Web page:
Everything You Need to Know About Claiming a Mileage Tax Deduction

Claiming a deduction for mileage can be a good way to reduce how much you owe Uncle Sam, but not everyone is eligible to write off their travel as a tax deduction.

In the past, taxpayers had more options to deduct mileage and could claim unreimbursed travel while on the job.

“That’s not deductible anymore,” says Michelle Brown, managing director in the Kansas City office of accounting firm CBIZ.

The Tax Cuts and Jobs Act of 2017 eliminated itemized deductions for unreimbursed mileage and also significantly narrowed the mileage tax deduction for moving expenses. That can now only be claimed by active-duty military members who are relocating because of new orders.

Still, a mileage deduction exists for the following situations:

— Business mileage for the self-employed.

— Mileage related to medical appointments.

— Mileage incurred while volunteering for a nonprofit.

You need to know the rules for claiming mileage on your taxes and, more importantly, you need to keep careful records. Here’s a breakdown of everything you need to know about how to claim mileage on taxes.

[READ: Tax Prep Checklist: Collect These Forms Before Filing Your Taxes.]

Current Tax Deductible Mileage Rates

How much you can deduct for mileage depends on the type of driving you did. Business mileage is most common, but you can also deduct mileage accrued for charitable purposes or for receiving medical care.

“Those are itemized deductions,” Nicole Davis, a CPA and member of the FreshBooks Accounting Partner Program, says of charitable and medical mileage. “That mileage rate is a lot lower than the business mileage rate.”

For the 2022 tax year, the IRS approved the following standard mileage rates:

Business: 58.5 cents per mile from Jan. 1, 2022-June 30, 2022 and 62.5 cents per mile from July 1, 2022 — Dec. 31, 2022.

Charity: 14 cents per mile.

Medical/Moving: 18 cents per mile from Jan. 1, 2022-June 30, 2022 and 22 cents per mile from July 1, 2022 — Dec. 31, 2022.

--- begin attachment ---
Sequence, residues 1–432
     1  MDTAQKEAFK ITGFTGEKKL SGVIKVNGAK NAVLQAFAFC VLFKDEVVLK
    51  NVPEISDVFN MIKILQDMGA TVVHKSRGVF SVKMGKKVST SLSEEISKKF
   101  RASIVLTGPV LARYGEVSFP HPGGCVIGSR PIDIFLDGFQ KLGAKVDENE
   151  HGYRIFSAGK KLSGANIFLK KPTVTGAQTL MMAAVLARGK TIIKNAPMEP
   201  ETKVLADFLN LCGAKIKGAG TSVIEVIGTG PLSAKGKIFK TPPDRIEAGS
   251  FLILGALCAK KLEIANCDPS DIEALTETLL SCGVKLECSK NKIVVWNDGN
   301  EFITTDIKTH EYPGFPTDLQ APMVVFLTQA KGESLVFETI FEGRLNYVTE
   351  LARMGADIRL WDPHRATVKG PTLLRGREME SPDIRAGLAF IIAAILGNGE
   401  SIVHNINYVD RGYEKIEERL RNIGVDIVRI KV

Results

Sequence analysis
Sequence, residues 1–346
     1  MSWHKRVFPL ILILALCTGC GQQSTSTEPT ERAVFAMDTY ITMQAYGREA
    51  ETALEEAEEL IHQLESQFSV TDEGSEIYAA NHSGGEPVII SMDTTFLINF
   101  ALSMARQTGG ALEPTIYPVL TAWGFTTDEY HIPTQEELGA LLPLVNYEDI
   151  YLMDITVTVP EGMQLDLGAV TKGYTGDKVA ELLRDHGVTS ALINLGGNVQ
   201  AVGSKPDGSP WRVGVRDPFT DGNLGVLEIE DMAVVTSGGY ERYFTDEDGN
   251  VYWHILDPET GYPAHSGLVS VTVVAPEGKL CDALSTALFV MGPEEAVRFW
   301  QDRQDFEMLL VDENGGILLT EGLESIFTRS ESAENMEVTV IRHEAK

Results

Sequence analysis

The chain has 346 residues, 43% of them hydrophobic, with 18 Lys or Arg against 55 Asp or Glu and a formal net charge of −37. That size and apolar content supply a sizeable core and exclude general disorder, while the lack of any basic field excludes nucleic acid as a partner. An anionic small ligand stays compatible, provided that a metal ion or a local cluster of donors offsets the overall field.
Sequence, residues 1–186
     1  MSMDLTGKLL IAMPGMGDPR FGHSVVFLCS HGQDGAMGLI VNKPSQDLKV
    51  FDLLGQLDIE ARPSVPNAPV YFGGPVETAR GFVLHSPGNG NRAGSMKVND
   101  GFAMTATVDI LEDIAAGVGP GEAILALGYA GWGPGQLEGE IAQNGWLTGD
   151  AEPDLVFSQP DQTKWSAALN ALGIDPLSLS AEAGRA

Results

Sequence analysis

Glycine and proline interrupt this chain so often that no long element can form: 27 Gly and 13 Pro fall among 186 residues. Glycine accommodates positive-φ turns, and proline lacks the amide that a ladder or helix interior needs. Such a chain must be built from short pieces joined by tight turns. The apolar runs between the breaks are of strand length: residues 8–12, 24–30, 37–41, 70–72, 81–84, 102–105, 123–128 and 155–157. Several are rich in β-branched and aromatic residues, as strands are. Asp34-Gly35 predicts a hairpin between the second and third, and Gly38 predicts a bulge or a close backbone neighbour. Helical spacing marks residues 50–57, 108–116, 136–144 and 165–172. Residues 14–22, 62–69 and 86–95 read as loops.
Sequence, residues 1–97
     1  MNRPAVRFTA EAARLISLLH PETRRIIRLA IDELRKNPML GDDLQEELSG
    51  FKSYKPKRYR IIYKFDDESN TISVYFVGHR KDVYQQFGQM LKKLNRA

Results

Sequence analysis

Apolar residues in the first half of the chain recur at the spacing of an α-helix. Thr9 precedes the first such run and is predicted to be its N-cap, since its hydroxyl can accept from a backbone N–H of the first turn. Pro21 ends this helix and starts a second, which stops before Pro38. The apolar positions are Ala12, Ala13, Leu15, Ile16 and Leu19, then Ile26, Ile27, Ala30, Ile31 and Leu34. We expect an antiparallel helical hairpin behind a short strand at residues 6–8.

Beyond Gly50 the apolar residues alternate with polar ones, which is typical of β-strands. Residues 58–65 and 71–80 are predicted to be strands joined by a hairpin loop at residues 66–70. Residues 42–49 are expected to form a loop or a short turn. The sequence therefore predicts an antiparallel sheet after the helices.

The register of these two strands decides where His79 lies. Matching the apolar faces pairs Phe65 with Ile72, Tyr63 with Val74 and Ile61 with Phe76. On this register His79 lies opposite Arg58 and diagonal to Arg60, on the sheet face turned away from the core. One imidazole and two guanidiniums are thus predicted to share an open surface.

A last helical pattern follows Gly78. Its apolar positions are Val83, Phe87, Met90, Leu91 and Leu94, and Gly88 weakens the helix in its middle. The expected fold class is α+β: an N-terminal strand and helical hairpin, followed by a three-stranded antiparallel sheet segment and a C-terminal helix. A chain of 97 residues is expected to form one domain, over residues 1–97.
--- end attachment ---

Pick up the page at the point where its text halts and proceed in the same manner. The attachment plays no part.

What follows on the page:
Mileage rates for business, medical and moving were all increased mid-year to account for rising inflation. However, the standard mileage rate for charity is set by statute so the IRS cannot adjust it.

Self-Employed Workers: What Mileage Is Deductible

When it comes to mileage tax deductions, the self-employed mileage deduction is the largest one available. It can be valuable to anyone with their own business, but especially for those working in the gig economy as delivery drivers, according to Duke Alexander Moore, an enrolled agent and the CEO and founder of Duke Tax, which specializes in tax services for content creators and entrepreneurs.

Deductible business miles could also be racked up from meetings with clients, travel to secondary work sites or errands to pick up supplies. If a person drives for both business and personal purposes, only miles driven for business can be deducted. Business miles are considered only those driven from a person’s principal place of business.

“We never want to confuse a commute as business travel,” Moore says.

Driving from home to a principal place of business is considered a commute, even for those who are self-employed or small business owners. Only those who have a home office as their principal place of business can deduct mileage when driving to and from home for business-related purposes.

How to Claim Mileage on Taxes

Self-employed workers can claim their mileage deduction on their Schedule C tax form, rather than a Schedule A form for itemized deductions. Mileage for self-employed workers isn’t subject to any threshold requirements. In other words, all miles are deductible regardless of how much a person drives for work.

Is mileage considered an office expense? No, it doesn’t get lumped in with office expenses on a Schedule C. Instead, mileage can be claimed on line 9 for car and truck expenses.

Alternatively, people can claim their actual vehicle expenses for maintenance, repairs and fuel. Workers who use a vehicle for personal travel as well can only deduct a prorated percentage of expenses based on business use. Taxpayers may want to calculate which option will result in the higher deduction, but for most, deducting mileage is easier and will result in greater tax savings.

“The standard mileage deduction is the gift that keeps giving,” Davis says.